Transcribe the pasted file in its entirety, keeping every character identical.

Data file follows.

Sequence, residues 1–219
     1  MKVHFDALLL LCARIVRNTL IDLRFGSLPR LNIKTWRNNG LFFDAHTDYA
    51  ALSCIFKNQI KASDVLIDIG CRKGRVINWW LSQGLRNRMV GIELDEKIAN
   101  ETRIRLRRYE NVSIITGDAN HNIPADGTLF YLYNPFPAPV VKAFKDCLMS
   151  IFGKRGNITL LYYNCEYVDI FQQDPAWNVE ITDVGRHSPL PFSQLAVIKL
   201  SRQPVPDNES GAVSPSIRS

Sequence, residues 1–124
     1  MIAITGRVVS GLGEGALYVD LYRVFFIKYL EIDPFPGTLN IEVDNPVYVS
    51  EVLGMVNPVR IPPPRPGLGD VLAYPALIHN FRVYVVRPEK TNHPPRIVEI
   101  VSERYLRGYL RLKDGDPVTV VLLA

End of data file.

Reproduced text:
Sequence, residues 1–219
     1  MKVHFDALLL LCARIVRNTL IDLRFGSLPR LNIKTWRNNG LFFDAHTDYA
    51  ALSCIFKNQI KASDVLIDIG CRKGRVINWW LSQGLRNRMV GIELDEKIAN
   101  ETRIRLRRYE NVSIITGDAN HNIPADGTLF YLYNPFPAPV VKAFKDCLMS
   151  IFGKRGNITL LYYNCEYVDI FQQDPAWNVE ITDVGRHSPL PFSQLAVIKL
   201  SRQPVPDNES GAVSPSIRS

Sequence, residues 1–124
     1  MIAITGRVVS GLGEGALYVD LYRVFFIKYL EIDPFPGTLN IEVDNPVYVS
    51  EVLGMVNPVR IPPPRPGLGD VLAYPALIHN FRVYVVRPEK TNHPPRIVEI
   101  VSERYLRGYL RLKDGDPVTV VLLA